Maryland Casualty addressed whether injuries caused by a defendant, the insured, were negligently or intentionally caused when he shot plaintiff fleeing his property. ( Maryland Casualty, 64 Ill.2d at 193, 355 N.E.2d at 26-27.) The defendant's homeowner's insurance excluded coverage for intentional acts, but would indemnify for negligent acts. If his actions were intentional, defendant was liable; if defendant was negligent, the insurer was liable. The court ruled that because of the mutually exclusive claims defendant should have been represented by independent counsel paid for by his insurer. The court also declared the insurer was entitled to have its own counsel participate in the litigation, and the insurer was not barred from later raising the defense of noncoverage. Maryland Casualty, 64 Ill.2d at 198-99, 355 N.E.2d at 31.

The conflict which the court found in Thornton also involved mutually exclusive claims. The insurer would not indemnify if the insured, the defendant, was found guilty of battery, but would indemnify if defendant was found guilty only of negligence. Thornton, 74 Ill.2d at 152-58, 384 N.E.2d at 343-46.

The Association argues these cases represent narrow exceptions to the general rule which authorizes the insurer to control its insured's defenses. It argues there is no conflict in the present case because each defendant in the civil rights litigation is receiving separate defenses and the counts against Seibert are not mutually exclusive. A finding that Seibert is liable for punitive damages does not necessarily mean no compensatory damages will be awarded, as may be indemnified by the Association.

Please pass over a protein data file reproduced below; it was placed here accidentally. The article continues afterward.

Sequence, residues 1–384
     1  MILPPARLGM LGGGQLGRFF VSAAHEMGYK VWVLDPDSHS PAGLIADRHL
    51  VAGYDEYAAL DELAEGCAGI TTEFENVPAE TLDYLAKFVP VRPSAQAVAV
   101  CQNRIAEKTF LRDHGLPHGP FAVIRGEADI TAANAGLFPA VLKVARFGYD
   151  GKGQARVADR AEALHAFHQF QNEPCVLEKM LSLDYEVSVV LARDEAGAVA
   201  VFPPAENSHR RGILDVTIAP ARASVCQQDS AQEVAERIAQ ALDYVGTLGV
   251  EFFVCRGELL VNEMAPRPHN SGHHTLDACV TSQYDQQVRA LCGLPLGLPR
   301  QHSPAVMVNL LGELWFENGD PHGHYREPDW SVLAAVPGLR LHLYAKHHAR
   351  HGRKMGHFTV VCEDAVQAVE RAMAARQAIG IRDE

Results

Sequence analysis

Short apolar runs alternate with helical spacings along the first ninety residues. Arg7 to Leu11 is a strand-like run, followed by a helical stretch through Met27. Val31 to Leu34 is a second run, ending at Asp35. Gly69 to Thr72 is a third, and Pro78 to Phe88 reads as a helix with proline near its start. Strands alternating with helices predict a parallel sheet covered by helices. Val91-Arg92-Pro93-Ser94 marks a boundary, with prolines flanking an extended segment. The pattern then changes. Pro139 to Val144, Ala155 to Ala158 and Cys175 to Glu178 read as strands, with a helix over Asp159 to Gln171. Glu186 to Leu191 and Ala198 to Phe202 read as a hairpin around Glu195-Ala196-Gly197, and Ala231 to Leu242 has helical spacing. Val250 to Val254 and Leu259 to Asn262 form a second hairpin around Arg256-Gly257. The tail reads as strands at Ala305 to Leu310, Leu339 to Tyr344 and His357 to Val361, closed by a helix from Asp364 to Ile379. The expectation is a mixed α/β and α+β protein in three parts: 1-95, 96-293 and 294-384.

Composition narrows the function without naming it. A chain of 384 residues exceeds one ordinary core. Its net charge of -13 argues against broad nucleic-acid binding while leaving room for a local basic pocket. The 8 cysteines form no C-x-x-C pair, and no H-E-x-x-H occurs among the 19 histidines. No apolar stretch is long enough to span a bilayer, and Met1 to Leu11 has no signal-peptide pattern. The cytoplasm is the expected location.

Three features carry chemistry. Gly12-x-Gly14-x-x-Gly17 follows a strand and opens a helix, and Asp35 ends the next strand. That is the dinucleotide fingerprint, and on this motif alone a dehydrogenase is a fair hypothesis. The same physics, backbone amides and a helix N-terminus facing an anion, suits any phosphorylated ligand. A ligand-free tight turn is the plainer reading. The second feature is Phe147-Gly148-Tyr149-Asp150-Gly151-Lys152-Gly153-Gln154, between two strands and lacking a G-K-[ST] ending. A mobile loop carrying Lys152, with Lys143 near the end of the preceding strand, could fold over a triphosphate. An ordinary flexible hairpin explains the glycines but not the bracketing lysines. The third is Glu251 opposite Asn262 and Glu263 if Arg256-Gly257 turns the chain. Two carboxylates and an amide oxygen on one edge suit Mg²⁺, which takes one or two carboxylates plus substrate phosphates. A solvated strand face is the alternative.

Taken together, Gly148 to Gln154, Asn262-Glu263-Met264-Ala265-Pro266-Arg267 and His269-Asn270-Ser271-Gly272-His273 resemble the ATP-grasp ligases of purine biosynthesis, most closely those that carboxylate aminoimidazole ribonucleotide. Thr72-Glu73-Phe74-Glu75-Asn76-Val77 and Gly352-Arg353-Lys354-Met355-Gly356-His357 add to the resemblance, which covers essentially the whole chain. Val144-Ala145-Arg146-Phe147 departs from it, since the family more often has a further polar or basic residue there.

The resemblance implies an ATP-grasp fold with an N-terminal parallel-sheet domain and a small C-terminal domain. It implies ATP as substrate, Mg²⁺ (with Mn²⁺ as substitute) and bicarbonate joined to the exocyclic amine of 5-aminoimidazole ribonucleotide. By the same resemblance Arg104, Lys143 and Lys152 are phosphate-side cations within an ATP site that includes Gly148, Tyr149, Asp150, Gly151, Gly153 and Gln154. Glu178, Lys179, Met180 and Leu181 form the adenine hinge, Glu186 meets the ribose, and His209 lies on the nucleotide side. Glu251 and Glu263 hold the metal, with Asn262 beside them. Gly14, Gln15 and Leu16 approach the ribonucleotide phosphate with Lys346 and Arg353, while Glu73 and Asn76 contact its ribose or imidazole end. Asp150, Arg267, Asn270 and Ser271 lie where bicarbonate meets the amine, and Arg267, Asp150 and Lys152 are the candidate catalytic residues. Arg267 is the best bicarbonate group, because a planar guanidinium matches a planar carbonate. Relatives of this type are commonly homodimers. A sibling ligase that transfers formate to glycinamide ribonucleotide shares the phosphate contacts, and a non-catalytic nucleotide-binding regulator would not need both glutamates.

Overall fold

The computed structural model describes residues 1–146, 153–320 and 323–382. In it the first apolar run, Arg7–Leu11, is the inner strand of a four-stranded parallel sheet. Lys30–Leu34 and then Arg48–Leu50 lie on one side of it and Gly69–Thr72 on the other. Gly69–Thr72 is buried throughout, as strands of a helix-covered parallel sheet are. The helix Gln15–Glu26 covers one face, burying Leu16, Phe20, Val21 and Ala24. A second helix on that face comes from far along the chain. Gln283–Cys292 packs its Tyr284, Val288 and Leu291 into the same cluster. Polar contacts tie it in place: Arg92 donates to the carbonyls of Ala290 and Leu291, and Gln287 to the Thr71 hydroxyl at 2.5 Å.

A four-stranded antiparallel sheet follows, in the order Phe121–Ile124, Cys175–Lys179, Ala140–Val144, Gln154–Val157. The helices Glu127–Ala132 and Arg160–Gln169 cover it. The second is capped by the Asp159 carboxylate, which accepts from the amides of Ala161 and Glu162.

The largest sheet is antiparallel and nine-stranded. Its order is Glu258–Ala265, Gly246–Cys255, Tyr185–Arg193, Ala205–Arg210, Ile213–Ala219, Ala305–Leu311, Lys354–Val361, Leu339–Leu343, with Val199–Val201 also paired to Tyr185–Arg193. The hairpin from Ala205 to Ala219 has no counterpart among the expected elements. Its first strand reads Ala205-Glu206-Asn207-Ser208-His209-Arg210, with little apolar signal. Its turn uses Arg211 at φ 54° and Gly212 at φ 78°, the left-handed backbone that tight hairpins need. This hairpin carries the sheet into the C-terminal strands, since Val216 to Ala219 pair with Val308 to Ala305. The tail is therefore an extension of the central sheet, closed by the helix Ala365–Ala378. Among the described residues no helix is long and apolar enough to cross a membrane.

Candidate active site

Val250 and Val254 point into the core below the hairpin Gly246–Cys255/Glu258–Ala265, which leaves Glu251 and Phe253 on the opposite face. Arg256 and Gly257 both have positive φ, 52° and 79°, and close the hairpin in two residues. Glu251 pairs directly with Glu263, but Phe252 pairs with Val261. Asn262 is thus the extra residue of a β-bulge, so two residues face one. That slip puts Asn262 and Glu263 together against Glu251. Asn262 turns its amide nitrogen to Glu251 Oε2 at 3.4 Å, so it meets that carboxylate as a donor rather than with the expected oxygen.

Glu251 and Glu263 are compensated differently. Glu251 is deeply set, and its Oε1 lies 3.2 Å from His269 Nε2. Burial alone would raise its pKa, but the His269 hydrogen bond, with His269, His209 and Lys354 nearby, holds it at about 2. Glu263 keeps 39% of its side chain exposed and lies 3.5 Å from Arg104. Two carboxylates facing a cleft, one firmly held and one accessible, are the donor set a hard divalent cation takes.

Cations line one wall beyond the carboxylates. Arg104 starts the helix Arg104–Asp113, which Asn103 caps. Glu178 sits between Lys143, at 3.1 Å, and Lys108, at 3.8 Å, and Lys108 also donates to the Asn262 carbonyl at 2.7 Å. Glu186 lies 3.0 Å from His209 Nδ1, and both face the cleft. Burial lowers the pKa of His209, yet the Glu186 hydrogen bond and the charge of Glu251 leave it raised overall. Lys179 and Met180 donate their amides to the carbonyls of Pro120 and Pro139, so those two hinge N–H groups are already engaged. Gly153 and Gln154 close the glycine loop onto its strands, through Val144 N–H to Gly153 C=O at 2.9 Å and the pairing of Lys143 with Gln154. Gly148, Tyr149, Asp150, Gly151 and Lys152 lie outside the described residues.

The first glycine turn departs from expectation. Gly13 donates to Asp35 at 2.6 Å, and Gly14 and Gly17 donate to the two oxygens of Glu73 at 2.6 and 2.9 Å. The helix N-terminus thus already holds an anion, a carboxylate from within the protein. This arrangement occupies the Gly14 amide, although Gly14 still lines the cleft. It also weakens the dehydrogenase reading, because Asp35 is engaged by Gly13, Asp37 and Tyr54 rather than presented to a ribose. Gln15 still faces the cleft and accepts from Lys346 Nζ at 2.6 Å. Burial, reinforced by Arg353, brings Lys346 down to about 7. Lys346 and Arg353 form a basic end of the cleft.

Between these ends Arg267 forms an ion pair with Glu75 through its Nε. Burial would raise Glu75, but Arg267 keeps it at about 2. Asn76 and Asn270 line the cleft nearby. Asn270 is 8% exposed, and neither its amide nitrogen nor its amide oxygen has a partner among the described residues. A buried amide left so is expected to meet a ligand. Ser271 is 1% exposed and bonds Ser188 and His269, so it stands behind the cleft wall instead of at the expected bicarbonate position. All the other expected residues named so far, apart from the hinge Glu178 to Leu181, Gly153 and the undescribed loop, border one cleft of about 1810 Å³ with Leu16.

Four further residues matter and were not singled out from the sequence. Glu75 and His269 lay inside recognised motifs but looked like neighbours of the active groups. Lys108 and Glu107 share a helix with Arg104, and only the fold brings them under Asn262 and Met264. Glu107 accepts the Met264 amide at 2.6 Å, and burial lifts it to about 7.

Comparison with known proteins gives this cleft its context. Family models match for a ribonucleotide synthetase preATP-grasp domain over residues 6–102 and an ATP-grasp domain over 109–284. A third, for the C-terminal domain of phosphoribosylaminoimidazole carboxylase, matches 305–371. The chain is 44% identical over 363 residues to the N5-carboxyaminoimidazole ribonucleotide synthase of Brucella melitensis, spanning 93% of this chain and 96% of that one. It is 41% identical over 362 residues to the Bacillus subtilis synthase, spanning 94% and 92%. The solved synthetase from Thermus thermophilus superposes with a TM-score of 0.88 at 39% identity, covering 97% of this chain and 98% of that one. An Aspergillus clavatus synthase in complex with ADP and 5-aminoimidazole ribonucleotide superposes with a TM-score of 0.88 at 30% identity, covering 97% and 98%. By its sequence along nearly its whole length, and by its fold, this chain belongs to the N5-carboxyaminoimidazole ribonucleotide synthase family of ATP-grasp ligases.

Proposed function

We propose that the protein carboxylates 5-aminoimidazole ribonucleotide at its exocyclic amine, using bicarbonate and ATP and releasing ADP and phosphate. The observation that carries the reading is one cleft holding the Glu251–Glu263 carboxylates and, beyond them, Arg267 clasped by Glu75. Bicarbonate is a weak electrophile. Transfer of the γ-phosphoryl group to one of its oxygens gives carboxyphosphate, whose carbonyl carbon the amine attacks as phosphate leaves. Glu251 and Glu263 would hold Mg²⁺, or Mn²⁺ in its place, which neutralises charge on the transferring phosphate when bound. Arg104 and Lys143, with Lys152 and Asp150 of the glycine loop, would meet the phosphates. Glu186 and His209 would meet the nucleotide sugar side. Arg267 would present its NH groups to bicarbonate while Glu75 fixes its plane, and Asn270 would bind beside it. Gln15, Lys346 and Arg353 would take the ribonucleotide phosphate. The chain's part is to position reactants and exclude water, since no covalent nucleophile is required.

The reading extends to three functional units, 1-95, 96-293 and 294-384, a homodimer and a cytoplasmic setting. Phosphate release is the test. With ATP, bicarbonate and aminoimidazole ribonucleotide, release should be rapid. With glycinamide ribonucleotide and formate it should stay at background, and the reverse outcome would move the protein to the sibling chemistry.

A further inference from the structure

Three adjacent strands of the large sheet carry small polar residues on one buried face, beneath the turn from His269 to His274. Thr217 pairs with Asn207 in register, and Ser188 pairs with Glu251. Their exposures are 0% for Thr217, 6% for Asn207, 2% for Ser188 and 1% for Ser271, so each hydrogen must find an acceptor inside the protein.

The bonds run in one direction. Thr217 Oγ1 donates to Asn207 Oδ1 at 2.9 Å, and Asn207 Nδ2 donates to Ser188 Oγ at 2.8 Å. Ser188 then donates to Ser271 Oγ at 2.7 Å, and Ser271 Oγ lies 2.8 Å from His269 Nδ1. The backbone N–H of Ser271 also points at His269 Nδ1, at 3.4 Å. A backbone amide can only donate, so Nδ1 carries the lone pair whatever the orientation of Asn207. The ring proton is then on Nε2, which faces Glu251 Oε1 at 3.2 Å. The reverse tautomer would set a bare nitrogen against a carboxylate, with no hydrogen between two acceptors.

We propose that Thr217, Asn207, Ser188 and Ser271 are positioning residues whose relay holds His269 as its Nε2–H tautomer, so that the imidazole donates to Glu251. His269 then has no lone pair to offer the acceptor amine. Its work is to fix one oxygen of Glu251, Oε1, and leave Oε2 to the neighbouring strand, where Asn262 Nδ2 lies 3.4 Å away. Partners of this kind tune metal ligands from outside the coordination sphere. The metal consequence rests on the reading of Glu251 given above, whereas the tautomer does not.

Seibert contends that although the claims in the complaint are not mutually exclusive, the Association could reduce its liability exposure for compensatory damages while increasing his personal liability exposure for punitive damages. The Association could present a case to a jury which would limit the extent of Hubbartt's injuries, or the degree to which the injuries could be attributed to Seibert's actions, while less than vigorously defending the allegations that Seibert acted wilfully or maliciously against Hubbartt. In addition, the Association could later argue compensatory damages awarded were excluded from coverage if the trier of fact found Seibert's conduct was malicious because the policy provides no protection for such acts.

The Association argues no conflict exists because defending the punitive damages claim without vigor would increase its exposure to liability for compensatory damages. It also contends the facts show it has a significant interest in controlling Seibert's pending litigation. It points to Seibert's privately retained counsel's demand approximately two months after the suit was filed. While providing no evidence to the Association, Seibert's counsel demanded the Association settle the case for policy limits. The Association contends the only basis for this demand was to free Seibert from personal liability exposure.